Issue 28, Winter/Spring 2016
While there is general knowledge that tobacco smoking is a powerful cause of lung cancer, indeed the cause of most cases in the United States and worldwide, lung cancer does occur in never smokers. Cases of lung cancer were documented before the cigarette smoking epidemic took hold in the early 20th century; lung cancer occurs in populations where there is no or very little smoking; and workers who do not smoke develop lung cancer because of cancer-causing workplace contaminants.
There are also other ubiquitous causes of lung cancer aside from smoking, including radon indoors and air pollution outdoors and indoors, particularly from burning of biomass fuels in low-income countries. However, our understanding of lung cancer in never smokers is incomplete, reflecting the relatively small numbers of such cases and the resulting limitation to research.
How important is lung cancer in never smokers? The death rate for lung cancer in never smokers is around 10 per 100,000 per year, about 5 % of the rate in smokers of a pack of cigarettes per day. This year there will be about 20,000 cases in the United States, producing around 15,000 lung cancer deaths out of a total of more than 158,000 lung cancer deaths per year.
For comparison, mortality from breast cancer will be about 41,000 and from prostate cancer about 26,000. In fact, lung cancer in never smokers ranks as the seventh leading cause of cancer death in the United States.
Global estimates are highly uncertain; there are an estimated 1.8 million lung cancer cases worldwide and if 10-15% are in never smokers the count ranges from about 180,000 to 270,000 in people who never smoked.
There is also uncertainty about whether the rate at which lung cancer occurs in never smokers has increased in recent decades, potentially reflecting changes in the environmental factors that cause lung cancer.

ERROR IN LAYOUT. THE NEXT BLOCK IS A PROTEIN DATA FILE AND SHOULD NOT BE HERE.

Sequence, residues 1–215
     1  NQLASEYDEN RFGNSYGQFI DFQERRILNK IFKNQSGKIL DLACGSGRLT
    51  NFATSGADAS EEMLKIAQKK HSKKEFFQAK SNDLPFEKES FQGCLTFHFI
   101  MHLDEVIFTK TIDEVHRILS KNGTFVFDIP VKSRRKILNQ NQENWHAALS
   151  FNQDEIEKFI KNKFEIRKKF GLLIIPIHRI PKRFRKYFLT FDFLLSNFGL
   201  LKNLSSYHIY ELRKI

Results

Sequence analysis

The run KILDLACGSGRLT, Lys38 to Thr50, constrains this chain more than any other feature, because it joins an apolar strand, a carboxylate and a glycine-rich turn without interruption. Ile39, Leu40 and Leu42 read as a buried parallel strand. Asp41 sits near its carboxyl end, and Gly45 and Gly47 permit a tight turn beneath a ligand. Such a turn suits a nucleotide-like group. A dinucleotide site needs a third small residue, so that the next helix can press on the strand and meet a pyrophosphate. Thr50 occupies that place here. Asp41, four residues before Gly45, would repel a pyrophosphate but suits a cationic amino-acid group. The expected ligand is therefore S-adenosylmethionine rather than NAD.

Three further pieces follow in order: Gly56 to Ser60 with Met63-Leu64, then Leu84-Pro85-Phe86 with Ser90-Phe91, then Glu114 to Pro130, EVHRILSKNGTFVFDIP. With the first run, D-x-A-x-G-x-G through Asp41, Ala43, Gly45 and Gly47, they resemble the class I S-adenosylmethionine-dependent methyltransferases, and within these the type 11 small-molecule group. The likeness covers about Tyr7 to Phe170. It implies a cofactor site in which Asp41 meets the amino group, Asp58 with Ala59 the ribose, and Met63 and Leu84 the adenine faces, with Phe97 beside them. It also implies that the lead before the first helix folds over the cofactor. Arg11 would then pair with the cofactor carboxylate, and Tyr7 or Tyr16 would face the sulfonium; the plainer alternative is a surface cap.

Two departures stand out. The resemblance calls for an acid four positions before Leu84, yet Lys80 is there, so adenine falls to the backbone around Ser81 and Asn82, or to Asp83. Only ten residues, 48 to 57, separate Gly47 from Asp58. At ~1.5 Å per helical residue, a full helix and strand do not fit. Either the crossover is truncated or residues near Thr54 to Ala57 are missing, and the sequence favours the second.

To answer that question, researchers put together data from 13 large studies from around the world and also examined the records of cancer registries. Over a timespan that reached back to the 1930s, they did not find any indication that lung cancer in never smokers was becoming more common.
They did find that the rates of new cases were similar in men and women and that rates were highest in Asian men and women. One hypothesis is that never-smoking Asian women have a high lung cancer frequency because of exposure to cooking fumes, particularly from high-temperature cooking in woks.
What are the causes of lung cancer in never smokers? The list includes three environmental agents: radon indoors, outdoor and indoor air pollution, and secondhand smoke or SHS—the mixture of sidestream smoke from the smoldering cigarette and the exhaled mainstream smoke.
There are also agents that workers are exposed to, including radon in underground mines, asbestos, silica dust, beryllium, arsenic, formaldehyde, and benzo-a-pyrene. Most of the occupational causes were identified through epidemiological studies of workers who had exposures far higher than those that would generally be found today in regulated workplaces. Nonetheless, occupational lung cancer remains a problem worldwide, particularly in some countries where workplace exposures are not yet sufficiently controlled.
A past history of tuberculosis is also associated with increased risk, perhaps because of the scarring of the lung. Genes that might increase risk have been sought for both smokers and never smokers. The search has proved challenging, particularly in never smokers, but there are promising leads under investigation.
From a clinical perspective, lung cancer in never smokers varies in important ways in comparison to cancers in smokers. The spectrum of mutations in the DNA differs between the two groups. There are potential therapeutic implications, particularly in regard to the high incidence of mutations of the gene encoding the epidermal growth factor receptor in never smokers.
Also, overall survival tends to be better in never smokers than in smokers with lung cancer.
While the understanding of lung cancer in never smokers is incomplete, there are effective ways to reduce its occurrence. First, exposure to secondhand smoke has dropped greatly over the last three decades and can be pushed lower; second, exposure to radon can be reduced by following the recommendation of the US Environmental Protection Agency to measure indoor radon concentration and to take steps to control radon if the concentration exceeds guidelines; third, improvements in outdoor air quality in the United States should reduce lung cancer burden; and fourth, the burden of occupational cancer should continue to fall in the United States, reflecting the impact of regulations implemented decades ago and subsequently tightened for some agents.